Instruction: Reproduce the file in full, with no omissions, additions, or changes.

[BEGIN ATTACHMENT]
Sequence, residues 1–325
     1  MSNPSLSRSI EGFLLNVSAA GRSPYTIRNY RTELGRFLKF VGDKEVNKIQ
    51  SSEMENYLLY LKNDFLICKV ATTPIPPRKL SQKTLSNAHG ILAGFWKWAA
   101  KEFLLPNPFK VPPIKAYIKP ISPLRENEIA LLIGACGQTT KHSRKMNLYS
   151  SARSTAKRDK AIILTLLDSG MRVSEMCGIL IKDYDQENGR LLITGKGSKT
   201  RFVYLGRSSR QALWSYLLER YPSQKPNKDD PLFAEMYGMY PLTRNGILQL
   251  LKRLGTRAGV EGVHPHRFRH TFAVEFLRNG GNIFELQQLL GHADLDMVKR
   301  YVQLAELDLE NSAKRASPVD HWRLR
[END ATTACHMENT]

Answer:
Sequence, residues 1–325
     1  MSNPSLSRSI EGFLLNVSAA GRSPYTIRNY RTELGRFLKF VGDKEVNKIQ
    51  SSEMENYLLY LKNDFLICKV ATTPIPPRKL SQKTLSNAHG ILAGFWKWAA
   101  KEFLLPNPFK VPPIKAYIKP ISPLRENEIA LLIGACGQTT KHSRKMNLYS
   151  SARSTAKRDK AIILTLLDSG MRVSEMCGIL IKDYDQENGR LLITGKGSKT
   201  RFVYLGRSSR QALWSYLLER YPSQKPNKDD PLFAEMYGMY PLTRNGILQL
   251  LKRLGTRAGV EGVHPHRFRH TFAVEFLRNG GNIFELQQLL GHADLDMVKR
   301  YVQLAELDLE NSAKRASPVD HWRLR